There are some obvious shortcomings of the game, it's a table hog and involves a lot of tracking which was exacerbated by playing four characters solo. In the end I developed a layout and flow which made it easier to check for reckoning effects and just generally miss fewer rules but there were still a lot of cards to track. The ending is also a bit anticlimatic, a resolution paragraph for each old one wouldn't have added much overhead and would've tied the ending together when you succeed. I was worried about content repetition but I love how the expansions were structured such that loads of generic stuff was added into each deck without requiring me to commit to all of the expansion bits and rules. The difficulty seemed hard but enjoyable enough; if I end up finding the random spikes in difficulty aggravating I'll use the staged mythos deck to generate a more consistent arc. I also had to do a fair amount of research to figure out how to effectively sort this game to make it manageable to store and play. I looked up old comments on the game on the forum and it seems like folks were hot for this when it came out but it doesn't get much talk now.

Prior to playing, I would have generally preferred the more local scope of Arkham Horror but I'm coming to realise that the Arkham Files is different (almost intentionally so) from its HPL origins and I'm okay with the global scope presented by this game. This game does miss a bit of session zero in terms of narrative as there's no meaningful explanation for why these folks know each other and are working together. I was going to go with the explanation that they may not know each other and are working independently but the politician's ability of drop shipping items around the world kind of counters that.
Last edit: 23 Jul 2021 06:35 by sornars.
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22 Jul 2021 16:47 - 22 Jul 2021 16:49 #324835 by Gary Sax
I found that Arkham Horror created more fun and weird situations so I kept that one, Eldritch was very action limited like Arkham LCG is but without the amazing deck construction elements of the LCG. No question Eldritch is a more coherent and tight design than Arkham, maybe even moreso than the Arkham LCG.

I think Eldritch and LCG are actually closer at their core than other people think they are despite the scope differences---the core tension is being in an absolute action straightjacket under a very tight time limit. The limits on travel distance in Eldritch can be overwhelming---I didn't love that since spending an entire turn traveling feels just as unfun as losing a turn to me.
Last edit: 22 Jul 2021 16:49 by Gary Sax.
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22 Jul 2021 17:16 #324837 by sornars
The LCG is an obvious but interesting comparison. I'm likely to play both of these solo but I'd be far more tempted to bring out Eldritch Horror for a game night. In terms of which I'd prefer to play solo? I think the LCG but only by a hair. They overlap a lot in terms of feel but I'm happy to own both even if I wouldn't necessarily recommend the same to someone else.

re: Delayed effects and slow travel. I feel like turns move quickly enough that I'm never too bummed out by those effects and travel being difficult seems reasonable enough (how the heck do the investigators have so much money for travel expenses?!). Playing solo may have warped that perception as I was always occupied but even with other people I wouldn't want people to be taking ages with their turn and we'd be using the Tales of Arabian Nights rule of reading someone else's encounter cards so you'd still be involved with the game.
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22 Jul 2021 18:28 #324839 by DukeofChutney
Been playing quite a lot of Go. I have got proper into it since writing about, improved from ~20kyu to around 14kyu. At the moment im fairly addicted.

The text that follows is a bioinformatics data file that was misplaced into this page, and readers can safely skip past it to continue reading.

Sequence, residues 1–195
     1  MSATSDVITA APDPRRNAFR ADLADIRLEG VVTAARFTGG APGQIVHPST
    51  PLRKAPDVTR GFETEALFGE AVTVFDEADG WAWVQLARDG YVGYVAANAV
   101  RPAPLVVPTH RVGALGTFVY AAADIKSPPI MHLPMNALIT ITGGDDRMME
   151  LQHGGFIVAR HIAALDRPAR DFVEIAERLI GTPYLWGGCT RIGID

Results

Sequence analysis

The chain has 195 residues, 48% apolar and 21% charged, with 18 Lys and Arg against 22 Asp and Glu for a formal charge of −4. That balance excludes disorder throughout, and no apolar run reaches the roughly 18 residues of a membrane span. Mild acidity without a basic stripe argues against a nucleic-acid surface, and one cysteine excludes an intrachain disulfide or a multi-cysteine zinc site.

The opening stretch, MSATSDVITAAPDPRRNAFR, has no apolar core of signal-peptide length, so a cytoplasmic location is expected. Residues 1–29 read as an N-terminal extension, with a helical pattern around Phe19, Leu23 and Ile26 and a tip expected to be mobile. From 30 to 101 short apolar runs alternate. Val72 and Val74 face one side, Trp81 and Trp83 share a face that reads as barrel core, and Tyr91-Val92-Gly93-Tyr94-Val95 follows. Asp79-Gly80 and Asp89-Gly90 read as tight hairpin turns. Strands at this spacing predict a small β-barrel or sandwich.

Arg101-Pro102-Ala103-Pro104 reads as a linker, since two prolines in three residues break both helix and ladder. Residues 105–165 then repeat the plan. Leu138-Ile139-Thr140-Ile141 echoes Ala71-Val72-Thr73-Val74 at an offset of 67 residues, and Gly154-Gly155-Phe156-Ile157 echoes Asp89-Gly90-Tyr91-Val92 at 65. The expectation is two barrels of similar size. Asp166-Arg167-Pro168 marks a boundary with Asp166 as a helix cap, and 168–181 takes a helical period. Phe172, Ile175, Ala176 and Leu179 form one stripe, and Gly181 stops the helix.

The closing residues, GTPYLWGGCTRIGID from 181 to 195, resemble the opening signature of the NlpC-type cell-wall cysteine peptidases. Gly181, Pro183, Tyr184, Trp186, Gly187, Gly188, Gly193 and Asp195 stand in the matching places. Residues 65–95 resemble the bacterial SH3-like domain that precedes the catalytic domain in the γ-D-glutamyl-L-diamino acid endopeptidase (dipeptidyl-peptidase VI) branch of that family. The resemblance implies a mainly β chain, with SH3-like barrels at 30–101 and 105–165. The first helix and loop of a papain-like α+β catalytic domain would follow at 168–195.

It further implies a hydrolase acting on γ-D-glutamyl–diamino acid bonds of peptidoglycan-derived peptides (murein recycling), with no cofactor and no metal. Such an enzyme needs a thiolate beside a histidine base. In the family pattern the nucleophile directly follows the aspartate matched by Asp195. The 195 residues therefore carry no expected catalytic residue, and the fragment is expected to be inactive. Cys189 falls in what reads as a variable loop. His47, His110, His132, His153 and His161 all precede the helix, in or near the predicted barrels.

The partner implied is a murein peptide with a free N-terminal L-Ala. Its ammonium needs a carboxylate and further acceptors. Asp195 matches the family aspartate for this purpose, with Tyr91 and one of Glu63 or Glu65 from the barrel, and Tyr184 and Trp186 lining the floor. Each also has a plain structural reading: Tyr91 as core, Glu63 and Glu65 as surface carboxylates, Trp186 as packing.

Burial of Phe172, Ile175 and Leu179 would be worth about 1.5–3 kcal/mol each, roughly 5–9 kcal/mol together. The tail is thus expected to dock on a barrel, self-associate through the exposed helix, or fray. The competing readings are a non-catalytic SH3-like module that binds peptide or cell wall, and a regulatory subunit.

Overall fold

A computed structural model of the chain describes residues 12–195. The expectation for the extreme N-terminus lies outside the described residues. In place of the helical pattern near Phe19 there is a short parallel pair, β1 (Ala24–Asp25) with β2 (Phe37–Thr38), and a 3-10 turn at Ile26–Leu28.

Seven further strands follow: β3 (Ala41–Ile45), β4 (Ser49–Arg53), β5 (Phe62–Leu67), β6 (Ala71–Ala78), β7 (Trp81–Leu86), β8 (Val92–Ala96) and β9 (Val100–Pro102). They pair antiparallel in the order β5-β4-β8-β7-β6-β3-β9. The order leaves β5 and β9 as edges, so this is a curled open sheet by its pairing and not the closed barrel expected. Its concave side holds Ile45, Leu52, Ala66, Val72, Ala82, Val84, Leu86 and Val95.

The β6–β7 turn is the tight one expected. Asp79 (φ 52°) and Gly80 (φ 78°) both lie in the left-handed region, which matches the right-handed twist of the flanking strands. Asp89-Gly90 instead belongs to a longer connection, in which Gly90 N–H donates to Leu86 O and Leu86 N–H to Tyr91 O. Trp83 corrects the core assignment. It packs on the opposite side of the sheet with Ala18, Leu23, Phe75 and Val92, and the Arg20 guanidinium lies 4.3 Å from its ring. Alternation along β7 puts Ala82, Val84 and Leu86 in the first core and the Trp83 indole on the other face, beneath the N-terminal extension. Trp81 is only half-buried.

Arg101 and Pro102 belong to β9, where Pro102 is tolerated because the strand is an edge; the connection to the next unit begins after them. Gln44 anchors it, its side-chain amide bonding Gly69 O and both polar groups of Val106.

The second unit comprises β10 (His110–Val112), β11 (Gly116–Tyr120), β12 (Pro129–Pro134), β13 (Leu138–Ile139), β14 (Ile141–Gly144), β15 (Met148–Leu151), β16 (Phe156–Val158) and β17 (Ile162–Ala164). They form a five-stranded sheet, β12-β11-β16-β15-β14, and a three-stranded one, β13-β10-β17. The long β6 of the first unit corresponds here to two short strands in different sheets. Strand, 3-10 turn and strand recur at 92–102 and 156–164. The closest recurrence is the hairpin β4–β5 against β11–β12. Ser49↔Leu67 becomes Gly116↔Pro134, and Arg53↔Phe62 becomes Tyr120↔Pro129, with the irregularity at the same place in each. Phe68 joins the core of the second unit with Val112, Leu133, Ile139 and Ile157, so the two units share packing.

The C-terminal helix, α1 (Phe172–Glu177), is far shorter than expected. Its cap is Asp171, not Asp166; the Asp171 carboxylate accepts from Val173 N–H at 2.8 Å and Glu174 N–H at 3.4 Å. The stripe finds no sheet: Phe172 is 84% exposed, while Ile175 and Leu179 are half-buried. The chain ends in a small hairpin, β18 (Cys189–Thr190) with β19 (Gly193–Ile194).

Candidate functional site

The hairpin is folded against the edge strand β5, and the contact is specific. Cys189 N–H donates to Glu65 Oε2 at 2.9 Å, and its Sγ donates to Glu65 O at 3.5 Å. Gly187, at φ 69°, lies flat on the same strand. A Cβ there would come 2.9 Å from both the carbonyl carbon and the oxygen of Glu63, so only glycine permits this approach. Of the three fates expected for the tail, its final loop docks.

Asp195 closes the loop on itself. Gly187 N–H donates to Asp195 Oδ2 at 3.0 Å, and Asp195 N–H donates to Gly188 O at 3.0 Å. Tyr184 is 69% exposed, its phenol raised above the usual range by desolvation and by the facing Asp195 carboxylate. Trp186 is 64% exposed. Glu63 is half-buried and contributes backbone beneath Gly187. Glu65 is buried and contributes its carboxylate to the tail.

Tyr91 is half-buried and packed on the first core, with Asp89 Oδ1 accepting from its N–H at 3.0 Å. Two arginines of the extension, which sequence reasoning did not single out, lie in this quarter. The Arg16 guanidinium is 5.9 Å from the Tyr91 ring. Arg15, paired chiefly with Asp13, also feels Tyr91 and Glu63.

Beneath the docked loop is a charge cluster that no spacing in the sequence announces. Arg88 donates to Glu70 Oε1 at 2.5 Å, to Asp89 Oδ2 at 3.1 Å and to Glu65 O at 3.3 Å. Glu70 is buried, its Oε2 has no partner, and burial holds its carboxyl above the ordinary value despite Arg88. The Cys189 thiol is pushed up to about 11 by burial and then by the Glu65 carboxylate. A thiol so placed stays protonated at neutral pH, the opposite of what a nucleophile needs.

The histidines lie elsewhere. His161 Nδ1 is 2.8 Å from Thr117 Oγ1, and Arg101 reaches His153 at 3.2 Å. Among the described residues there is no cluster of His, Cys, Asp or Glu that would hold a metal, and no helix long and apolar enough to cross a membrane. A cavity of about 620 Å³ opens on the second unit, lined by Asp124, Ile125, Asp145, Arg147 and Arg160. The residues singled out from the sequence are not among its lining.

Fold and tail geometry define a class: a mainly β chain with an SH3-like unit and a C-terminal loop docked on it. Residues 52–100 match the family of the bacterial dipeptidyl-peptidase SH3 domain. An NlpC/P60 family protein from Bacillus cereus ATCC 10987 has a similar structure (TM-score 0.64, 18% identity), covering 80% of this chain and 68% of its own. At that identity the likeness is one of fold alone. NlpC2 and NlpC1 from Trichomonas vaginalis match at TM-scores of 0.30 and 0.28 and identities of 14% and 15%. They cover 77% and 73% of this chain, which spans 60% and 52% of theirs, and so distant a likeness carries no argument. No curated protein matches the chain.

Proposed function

Also played Yokohama. Its an ok euro game. Liked it, but nothing that remained with me.
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23 Jul 2021 16:19 #324874 by Kmann
My kids (3 & 6) had been loving playing their own made-up game with my old Magic cards recently so I figured it was time to get them some cards of their own.

Enter the Pokemon Battle Arena Academy box which basically turns the Pokemon TCG into a boardgame. It comes in a boardgame-sized box with a best-in-class insert, three constructed decks (Pikachu, Charizard and Mewtwo), the tokens you need, an oversized Pokemon coin (there's a lot of coin flipping in the game) and a proper hardback gameboard. Similarly to FFG there's a Let's Play rulebook guiding you through the first few turns and a second advanced rule book. It's a really great package and fairly cheap. I found it onsale for NZD$35.

It's been a total hit. The 3-year-old likes playing with the cards and the 6-year-old quickly grasped the basic game, so we've been playing a lot. It's ​been great for her reading and using real world math. Both kids also earn themselves a booster pack each Saturday if they eat a week's worth of dinners without complaint. A small miracle.

I've also been learning the Flesh & Blood TCG on felttable.com . This is an unofficial web-browser implementation that you play against an AI. The game's a cool slugfest with a lot of decisions to make each turn but still plays quick using the Blitz format (smaller decks and less starting HP).

Back in the real world my second run through the Dunwich campaign cycle in Arkham Horror LCG came to a deadly finish one scenario away from the end when Rex the unlucky journo and Zoey the murderous chef both met grizzly fates beyond the veil in a game that came right down to the wire. They'd been on borrowed time for a while so it wasn't unexpected. While they were unsuccessful it was still an incredibly exciting finish as they almost pulled off the win. RIP.

After Dunwich was done I returned to Marvel Champions after a small hiatus. Captain America and Captain Marvel took on Ultron (expert difficulty with the Masters of Evil modular added in). It'd been a long time since I used either Captain so they were a lot of fun to bring out of the box again.
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23 Jul 2021 17:15 - 23 Jul 2021 17:16 #324875 by Jexik
Saw a close friend for the first time in like 18 months. Brought Bullet, Abandon all Artichokes, and Summoner Wars. Played and enjoyed all three.
Last edit: 23 Jul 2021 17:16 by Jexik.
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23 Jul 2021 20:00 - 23 Jul 2021 20:00 #324885 by Gary Sax